Part of the Oxford Diasporas Programme, this project explores the kind of community and society that may emerge from diaspora formation and engagement in conflict and post conflict settings. It traces the emergence of diasporas formed as a result of flight from conflict in Sri Lanka, the Somali regions and Afghanistan, investigating their socio-economic make-up, cohort and time of arrival, immigration status, and class, ethnic, generational, gender and other social cleavages, all of which shape diasporas’ capacity for engagement.
Mass refugee movements induced by conflict have contributed to the transformation of global society, particularly since the end of the Cold War. Substantial new diasporas have consolidated from these movements: the new social formations appear to be enduring and have undertaken a variety of forms of transnational activity, shaping both the societies in which diasporas find themselves and their home communities and societies.
While the role of diaspora in development has stimulated much debate over the last decade or so, it is only relatively recently that attention has turned to the influence of diasporas in war-torn societies. There has been a general shift in perception from ascribing diasporas a negative influence in fomenting and supporting conflict (as ‘war mongers’ or ‘peace-wreckers’) to the more positive view that they can assist with relief, peace-building, recovery and post-conflict reconstruction (as ‘peace-makers’ or ‘peace-builders’). As is often the case, the reality is between the two, and the balance of forms of engagement shifts over time and according to circumstances.
The Leverhulme Trust
The Centre for Poverty Analysis (CEPA), Colombo, Sri Lanka
Afghanistan, Canada, India, Somalia, Sri Lanka, UK
Having established the contours of diaspora formation in the three settings, the project traces three spheres of diaspora engagement, which range from the private to the increasingly public:
There is of course interplay among these different spheres, so that for example what happens in the imagined community sphere may shape what is possible in the community and household spheres. There are also tensions among the different spheres – diaspora members may find themselves pulled among obligations to their own family in the host country, to their own community in the host country, to those in the wider diaspora, to those left in the conflict-ridden homeland, and to the wider political struggle in the homeland. Their capacity to meet these different calls varies according to their resources and social position, and may shift over time.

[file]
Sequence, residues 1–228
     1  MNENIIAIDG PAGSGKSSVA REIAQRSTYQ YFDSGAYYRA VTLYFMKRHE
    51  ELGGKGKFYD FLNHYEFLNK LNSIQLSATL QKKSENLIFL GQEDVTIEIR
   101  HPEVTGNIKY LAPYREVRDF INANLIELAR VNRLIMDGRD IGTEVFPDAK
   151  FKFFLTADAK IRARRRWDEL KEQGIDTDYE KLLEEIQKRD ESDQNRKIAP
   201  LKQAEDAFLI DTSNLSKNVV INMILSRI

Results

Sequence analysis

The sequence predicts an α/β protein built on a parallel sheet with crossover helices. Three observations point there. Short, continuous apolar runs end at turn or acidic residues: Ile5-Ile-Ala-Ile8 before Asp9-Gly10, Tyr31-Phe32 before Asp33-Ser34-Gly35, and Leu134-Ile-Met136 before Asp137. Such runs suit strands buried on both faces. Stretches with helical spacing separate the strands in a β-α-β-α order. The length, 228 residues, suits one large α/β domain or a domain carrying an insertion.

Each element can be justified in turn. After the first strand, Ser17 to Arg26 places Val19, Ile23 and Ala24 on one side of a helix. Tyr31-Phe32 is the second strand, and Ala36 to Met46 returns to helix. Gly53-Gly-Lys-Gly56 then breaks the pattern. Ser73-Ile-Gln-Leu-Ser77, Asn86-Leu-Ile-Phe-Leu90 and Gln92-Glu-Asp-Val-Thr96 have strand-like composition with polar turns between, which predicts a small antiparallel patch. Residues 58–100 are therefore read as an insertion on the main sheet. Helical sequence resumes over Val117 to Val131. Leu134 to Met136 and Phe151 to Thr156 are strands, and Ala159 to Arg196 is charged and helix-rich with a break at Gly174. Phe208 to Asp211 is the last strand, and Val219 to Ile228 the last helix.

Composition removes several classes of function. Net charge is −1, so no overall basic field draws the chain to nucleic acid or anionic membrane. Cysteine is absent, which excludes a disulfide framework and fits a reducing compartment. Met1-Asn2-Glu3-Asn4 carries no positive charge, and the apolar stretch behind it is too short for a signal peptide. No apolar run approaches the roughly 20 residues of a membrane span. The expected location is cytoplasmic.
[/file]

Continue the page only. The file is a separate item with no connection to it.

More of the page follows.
Theoretically, the research touches on the relationship between structure and agency; between force and choice in migration; between the local and global, the translocal and the transnational; and between material life and identity politics. It also contributes to debates on livelihoods in conflict, on networks, social capital and class, on social transformation, and on how power shifts and travels through local and global dispensations.
The project draws principally on data gathered over the last 15 years on the cases selected, supplemented by fresh data-gathering among Sri Lankans, Somalis and Afghans in various diaspora locations (principally the UK, Canada and continental Europe). Research methods include interviews among extended families and communities in the diaspora to capture the forms and range of transnational linkages, and interpretation of statistical and other quantitative data. Diaspora communities have been profiled to map their socio-economic conditions, experiences of conflict, linkages with home communities, and perceptions and engagement with home country in the past and currently.
Research findings in the three settings point to the kinds of community and society that emerge from diaspora formation and engagement in conflict and post-conflict settings.
Van Hear, N. (2014) 'Refugees, Diasporas, and Transnationalism', in Fiddian-Qasmiyeh, E., Loescher, G., Long, K. and Sigona, N. (eds.), The Oxford Handbook of Refugee and Forced Migration Studies, Oxford: Oxford University Press, 176-187
The London-Hargeysa connection: Diaspora engagement in Somaliland
Other Publications | Giulia Liberatore & Kate Stanworth | 2014
The main output will be a book, currently in progress. A full list of unpublished outputs is available at http://www.migration.ox.ac.uk/odp/war-torn-societies-publications.shtml
Project findings will help inform wider understanding of the kind of community and society that may emerge from diaspora formation and engagement in conflict and post-conflict settings.